DEAR DR. DONOHUE: I am tasteless. I mean that literally. I can’t taste food anymore. It seems to have started with a cold I had about three months ago. What can I do to bring the sense of taste back? I have lost all interest in eating. — J.D.
A: Taste is inextricably linked with smell, and smell loss might be the greater problem than the loss of actual taste. This is a common complaint at older ages. Half of those over 65 have a diminution of taste, and three-quarters of those over 80 note diminished taste.
Viral infections of the nose, like the common cold, can leave people bereft of taste and smell. One-third eventually improve, but that can take as long as six months.
Diabetes, a low output of thyroid hormone, Parkinson’s disease, Alzheimer’s disease and vitamin B-12 deficiency can all diminish taste and smell. A mouth that is constantly dry loses its tasting ability. Medicines are a possible cause. ACE inhibitors, used for blood-pressure control, and beta blockers, used for many illnesses, are two examples. Oral infections with the fungus Candida can destroy taste. Candida oral infection is called thrush, and it produces a white-coated tongue. Sometimes, however, its overt signs are lacking.
There aren’t reliable remedies for the restoration of taste and smell when a cause isn’t found. You can make food more palatable by the liberal use of spices and flavor enhancers, like curry powder, vanilla extract, lemon juice, vinegar, garlic, mustard, pepper and chili powder. Marinate meat. Foods of different textures can waken taste. Vary what you eat from forkful to forkful. Take a fork of meat, then one of vegetables and then a bite of bread or a roll. If you eat one food until it’s gone, taste buds stop functioning.
c. North America Syndicate
TO READERS: Fibromyalgia, the ache-all-over illness, plagues many, many people. The booklet on it explains the approach to its treatment. To order a copy, write: Dr. Donohue — No. 305, Box 536475, Orlando, FL 32853-6475. Enclose a check or money order (no cash) for $4.75 with the recipient’s printed name and address. Please allow four weeks for delivery.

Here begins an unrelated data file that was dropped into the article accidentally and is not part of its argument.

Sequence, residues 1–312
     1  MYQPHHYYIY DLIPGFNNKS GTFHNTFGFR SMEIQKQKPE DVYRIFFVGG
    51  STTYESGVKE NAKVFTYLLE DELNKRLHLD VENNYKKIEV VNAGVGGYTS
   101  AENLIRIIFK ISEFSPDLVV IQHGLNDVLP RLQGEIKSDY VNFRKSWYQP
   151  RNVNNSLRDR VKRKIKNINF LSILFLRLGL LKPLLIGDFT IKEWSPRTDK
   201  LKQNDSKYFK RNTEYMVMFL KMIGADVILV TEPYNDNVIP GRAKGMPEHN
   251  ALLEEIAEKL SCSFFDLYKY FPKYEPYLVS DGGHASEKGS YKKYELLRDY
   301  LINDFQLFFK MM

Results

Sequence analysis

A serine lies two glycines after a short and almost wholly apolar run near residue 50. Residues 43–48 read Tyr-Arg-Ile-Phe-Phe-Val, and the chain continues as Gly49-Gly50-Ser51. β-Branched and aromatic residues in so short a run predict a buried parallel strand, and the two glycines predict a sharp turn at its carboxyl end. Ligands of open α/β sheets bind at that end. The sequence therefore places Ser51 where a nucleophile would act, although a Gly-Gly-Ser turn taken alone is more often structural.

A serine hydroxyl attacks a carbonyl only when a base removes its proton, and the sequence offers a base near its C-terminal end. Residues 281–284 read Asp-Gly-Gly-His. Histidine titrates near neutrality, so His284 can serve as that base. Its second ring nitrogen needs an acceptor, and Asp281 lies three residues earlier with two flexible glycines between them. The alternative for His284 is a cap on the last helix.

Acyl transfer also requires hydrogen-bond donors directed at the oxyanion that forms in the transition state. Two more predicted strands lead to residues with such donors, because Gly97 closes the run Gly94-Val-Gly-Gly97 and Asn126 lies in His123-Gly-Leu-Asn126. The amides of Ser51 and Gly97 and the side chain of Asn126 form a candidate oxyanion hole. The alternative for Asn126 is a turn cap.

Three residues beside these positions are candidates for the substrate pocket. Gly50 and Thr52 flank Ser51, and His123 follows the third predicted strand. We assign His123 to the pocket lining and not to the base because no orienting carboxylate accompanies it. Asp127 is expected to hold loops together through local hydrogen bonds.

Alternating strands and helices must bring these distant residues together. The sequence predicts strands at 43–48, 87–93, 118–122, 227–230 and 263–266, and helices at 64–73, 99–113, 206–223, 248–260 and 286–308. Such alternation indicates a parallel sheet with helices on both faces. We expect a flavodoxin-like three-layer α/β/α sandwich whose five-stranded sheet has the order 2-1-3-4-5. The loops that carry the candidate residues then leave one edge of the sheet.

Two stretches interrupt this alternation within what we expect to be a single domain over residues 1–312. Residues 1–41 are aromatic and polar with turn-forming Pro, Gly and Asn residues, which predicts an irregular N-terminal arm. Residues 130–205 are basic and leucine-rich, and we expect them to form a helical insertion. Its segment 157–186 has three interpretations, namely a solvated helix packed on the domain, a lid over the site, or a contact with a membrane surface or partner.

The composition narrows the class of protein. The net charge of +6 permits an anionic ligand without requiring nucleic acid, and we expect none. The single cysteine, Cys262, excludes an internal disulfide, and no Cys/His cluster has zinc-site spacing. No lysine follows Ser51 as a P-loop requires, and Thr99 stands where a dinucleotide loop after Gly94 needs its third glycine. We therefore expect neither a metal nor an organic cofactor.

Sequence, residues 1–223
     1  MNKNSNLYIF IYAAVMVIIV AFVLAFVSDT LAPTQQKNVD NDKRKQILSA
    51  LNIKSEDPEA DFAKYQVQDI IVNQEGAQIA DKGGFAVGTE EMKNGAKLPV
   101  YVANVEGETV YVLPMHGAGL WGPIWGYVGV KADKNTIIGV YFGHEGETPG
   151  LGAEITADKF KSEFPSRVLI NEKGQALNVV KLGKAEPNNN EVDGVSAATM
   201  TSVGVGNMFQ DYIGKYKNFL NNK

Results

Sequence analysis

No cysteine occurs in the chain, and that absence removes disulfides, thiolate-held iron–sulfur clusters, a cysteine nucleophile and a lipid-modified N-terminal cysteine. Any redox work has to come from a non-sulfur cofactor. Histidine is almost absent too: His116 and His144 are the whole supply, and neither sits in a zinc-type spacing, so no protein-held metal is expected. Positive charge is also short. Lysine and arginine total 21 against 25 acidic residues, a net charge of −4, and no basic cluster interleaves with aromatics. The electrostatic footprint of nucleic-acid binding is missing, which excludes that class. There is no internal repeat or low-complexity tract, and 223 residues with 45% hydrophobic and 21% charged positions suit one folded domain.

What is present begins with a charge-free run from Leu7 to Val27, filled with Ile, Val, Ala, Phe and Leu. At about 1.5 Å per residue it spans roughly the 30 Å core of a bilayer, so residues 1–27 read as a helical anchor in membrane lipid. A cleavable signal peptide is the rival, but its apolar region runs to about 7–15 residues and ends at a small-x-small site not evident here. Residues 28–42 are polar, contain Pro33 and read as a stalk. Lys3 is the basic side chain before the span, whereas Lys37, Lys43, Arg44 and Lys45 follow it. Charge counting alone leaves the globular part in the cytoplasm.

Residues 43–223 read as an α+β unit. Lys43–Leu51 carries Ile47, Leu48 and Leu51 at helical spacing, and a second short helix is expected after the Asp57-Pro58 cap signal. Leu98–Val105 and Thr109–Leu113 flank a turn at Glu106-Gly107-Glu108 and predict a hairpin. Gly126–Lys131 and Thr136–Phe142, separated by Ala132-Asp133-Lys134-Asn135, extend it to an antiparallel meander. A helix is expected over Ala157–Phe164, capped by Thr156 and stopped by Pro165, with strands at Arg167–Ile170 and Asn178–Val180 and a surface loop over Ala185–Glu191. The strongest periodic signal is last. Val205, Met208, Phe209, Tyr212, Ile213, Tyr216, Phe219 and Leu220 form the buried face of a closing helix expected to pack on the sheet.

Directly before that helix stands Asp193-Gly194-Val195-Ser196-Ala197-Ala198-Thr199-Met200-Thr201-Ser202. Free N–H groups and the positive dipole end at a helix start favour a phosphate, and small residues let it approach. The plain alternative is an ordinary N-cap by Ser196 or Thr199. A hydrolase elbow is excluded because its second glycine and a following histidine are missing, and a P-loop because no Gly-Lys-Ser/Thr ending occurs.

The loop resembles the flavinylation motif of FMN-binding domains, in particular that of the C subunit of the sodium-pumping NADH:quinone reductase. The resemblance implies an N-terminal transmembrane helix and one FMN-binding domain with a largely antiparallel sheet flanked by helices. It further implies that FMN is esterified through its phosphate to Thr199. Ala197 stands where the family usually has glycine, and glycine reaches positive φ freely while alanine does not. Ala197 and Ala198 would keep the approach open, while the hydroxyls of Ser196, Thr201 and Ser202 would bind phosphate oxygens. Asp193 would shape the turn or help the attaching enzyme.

DEAR DR. DONOHUE: I have ringing in my right ear. My doctor told me it was due to too many blood cells. He told me to donate blood every three months for one year. Do you think this is OK? — Anon.
A: Your doctor thinks you have polycythemia (POL-ee-sigh-THEME-ee-uh), a condition where there are too many red and white blood cells and blood platelets. The emphasis is on red blood cells. The surplus of cells thickens the blood. Tinnitus — ear noises, ear ringing — can be one symptom. Dizziness, headaches and visual disturbances are other symptoms. More dangerous is the threat of stroke and heart attack. The spleen usually enlarges, and many complain of burning pain in their feet and legs.
Treatment is periodic blood removal. That should be done under the direction of a doctor on a regularly scheduled basis depending on your blood count.
The cause of ear noises — tinnitus — are many. If you have doubts about your diagnosis or your treatment, no harm will come from seeking a second opinion.
DEAR DR. DONOHUE: What is Aggrenox? I take it. Is it much different from aspirin? It’s a lot more expensive. — H.L.
A: Aggrenox is a combination of aspirin and dipyridamole. Both stop the formation of unwanted clots within arteries.
Some doctors prescribe this combination to prevent strokes in people who have had TIAs — transient ischemic attacks — or who, in other ways, are in danger of developing a stroke.